Friday, July 21, 2017

Predrag "Cune" Gojković

Shhhh, be calm my beloved, be quiet and listen...
You know how I have to tell the story. Shhhh, be quiet and listen but do not go to sleep.

Davno davno, long long ago... so very long ago... and still today, there are mountains in the Balkans which you have very likely never climbed, and it is very likely that you have never seen, nor is it likely you have heard much about them. The Šar (Shar) mountains are likely such mountains. When Polybius wrote of these mountains, he called them "το Σκάρδον ὂρος" or "the Skaradon mountains" (xxxviii 8), as did Ptolemy in ii 16 and Livy (xlii 20, xliv 31).

The Romans very likely would like to have not had to hear of these mountains, because in them lived the Scordisci, who for several centuries held sway over the area which is now Serbia - and more. We Croats have a bit of a taste of them remaining in the name of a small but important town. All our towns are important, so why did I say that? Just 11 miles out of Šibenik, at the gates of Krka, is Skradin, which under the Romans, and before, was called Scardona after the Scordisci. According to Livy, they showed up in the reign of Philip V of Macedon as allies against the Dardani and Rome. By the third century BC, they had become the most important power in the northern Balkans. It took the Romans three hundred years to defeat them, and before the end of the first century AD, the Scordisci were receiving Roman citizenship and the Scordisci began to disappear as a people.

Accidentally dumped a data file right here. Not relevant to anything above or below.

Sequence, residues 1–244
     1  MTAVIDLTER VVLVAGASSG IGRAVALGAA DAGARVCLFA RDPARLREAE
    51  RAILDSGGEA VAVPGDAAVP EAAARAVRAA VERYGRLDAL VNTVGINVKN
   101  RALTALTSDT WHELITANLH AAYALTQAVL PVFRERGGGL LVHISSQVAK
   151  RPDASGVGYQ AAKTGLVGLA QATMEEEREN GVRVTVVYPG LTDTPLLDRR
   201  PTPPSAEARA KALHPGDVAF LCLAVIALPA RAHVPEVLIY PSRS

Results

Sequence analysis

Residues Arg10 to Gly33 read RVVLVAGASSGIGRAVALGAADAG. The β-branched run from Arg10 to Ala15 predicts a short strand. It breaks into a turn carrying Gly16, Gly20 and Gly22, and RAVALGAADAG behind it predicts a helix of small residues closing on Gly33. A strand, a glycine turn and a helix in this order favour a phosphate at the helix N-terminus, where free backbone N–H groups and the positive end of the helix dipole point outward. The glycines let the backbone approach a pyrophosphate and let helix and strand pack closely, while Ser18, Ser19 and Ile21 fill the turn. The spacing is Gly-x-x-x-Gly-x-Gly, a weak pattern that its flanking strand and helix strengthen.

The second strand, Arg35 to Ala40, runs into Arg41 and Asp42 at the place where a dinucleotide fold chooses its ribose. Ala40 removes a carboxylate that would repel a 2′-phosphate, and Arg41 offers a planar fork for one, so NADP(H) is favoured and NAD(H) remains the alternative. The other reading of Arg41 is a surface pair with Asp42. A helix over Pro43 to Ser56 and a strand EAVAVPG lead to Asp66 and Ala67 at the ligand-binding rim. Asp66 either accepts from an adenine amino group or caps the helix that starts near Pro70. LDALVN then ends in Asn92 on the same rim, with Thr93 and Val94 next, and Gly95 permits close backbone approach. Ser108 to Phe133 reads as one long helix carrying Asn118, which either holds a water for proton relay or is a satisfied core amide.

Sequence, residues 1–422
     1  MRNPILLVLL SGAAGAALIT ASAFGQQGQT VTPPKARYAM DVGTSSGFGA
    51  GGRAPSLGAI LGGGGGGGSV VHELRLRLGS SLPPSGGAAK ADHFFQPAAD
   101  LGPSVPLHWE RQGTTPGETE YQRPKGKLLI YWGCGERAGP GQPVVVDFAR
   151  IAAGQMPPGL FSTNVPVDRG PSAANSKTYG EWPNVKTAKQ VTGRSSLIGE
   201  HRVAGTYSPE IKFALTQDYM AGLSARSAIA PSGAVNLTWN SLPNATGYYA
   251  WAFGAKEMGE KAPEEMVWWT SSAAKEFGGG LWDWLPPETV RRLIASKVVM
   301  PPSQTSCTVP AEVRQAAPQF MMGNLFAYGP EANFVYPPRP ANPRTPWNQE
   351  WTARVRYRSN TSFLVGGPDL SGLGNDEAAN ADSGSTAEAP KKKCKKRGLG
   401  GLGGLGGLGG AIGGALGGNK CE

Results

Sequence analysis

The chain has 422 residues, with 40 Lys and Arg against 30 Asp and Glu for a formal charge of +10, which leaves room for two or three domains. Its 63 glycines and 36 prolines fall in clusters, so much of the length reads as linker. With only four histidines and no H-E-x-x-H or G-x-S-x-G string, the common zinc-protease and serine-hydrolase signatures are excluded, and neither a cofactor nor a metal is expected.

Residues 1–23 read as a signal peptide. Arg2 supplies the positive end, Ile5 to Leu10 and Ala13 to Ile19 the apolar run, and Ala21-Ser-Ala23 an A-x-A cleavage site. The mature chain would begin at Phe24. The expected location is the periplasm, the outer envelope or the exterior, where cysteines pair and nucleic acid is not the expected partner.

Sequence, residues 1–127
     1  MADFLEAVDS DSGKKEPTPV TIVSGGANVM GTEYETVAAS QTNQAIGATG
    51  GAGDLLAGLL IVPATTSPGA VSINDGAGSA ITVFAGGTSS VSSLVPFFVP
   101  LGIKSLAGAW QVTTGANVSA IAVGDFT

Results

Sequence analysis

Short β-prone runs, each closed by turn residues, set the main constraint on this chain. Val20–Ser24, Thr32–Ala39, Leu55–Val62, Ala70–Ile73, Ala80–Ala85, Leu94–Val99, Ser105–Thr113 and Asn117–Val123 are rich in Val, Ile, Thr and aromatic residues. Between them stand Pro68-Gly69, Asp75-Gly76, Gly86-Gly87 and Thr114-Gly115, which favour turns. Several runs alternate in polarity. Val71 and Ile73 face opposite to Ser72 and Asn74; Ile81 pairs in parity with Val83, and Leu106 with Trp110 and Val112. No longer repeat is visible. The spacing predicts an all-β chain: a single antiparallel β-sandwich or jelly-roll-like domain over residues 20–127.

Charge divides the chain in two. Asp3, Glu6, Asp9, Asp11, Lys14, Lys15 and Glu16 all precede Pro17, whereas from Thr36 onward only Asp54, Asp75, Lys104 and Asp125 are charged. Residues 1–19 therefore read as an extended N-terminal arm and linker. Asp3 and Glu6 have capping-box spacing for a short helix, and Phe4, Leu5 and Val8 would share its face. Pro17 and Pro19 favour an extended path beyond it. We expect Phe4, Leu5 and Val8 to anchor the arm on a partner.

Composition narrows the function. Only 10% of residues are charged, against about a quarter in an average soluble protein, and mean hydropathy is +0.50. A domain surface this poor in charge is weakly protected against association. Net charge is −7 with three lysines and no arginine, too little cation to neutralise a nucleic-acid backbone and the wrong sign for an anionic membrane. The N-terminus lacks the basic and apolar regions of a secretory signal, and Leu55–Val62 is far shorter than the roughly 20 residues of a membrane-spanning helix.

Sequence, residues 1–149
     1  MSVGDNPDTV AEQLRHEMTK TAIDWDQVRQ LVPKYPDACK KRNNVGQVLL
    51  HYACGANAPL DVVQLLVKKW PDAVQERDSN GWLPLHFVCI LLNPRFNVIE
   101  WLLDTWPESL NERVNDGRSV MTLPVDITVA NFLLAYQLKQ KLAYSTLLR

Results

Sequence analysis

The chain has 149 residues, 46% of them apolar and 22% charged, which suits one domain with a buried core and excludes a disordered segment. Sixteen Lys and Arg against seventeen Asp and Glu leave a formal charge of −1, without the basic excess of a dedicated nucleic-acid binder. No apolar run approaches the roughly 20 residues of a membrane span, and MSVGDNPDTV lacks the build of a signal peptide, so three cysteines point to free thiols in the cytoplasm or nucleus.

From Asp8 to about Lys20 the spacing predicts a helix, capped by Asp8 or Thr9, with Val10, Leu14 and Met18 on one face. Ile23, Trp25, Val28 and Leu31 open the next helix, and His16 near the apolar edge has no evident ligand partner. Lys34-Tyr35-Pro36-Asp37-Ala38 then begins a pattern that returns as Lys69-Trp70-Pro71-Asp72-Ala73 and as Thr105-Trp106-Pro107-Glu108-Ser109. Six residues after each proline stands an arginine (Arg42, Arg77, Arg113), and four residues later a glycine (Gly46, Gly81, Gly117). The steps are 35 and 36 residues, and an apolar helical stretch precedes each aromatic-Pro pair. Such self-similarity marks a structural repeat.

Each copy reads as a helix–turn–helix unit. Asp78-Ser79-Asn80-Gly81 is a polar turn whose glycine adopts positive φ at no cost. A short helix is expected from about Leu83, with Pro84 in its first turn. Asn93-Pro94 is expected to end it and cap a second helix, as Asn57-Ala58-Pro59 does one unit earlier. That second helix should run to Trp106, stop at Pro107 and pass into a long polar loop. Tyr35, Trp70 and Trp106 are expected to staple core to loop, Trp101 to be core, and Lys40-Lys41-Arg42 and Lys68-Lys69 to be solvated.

As soon as they had control over the area, the Romans, being ants as they were, set about building a road, the Via Militaris, or Military Highway, which reached northward from Constantinople. Along the way, the road passed through Naissus, which today is Niš, which became the birthplace of Constantine the Great, after whom Constantinople was named.

Follow me now. Here at Niš, we go up on Suva Planina (Dry Mountain) and find the Sokolov Kamen (Falcon's rock). This is the highest ground around us. We are going to look north. Perhaps we cannot see our destination yet, but we know it is there. We are going to, hang on to your seats, we are going to the Hawk's Nest (Kragujevac). Trust me, it is a little way up the road but not so far. We go.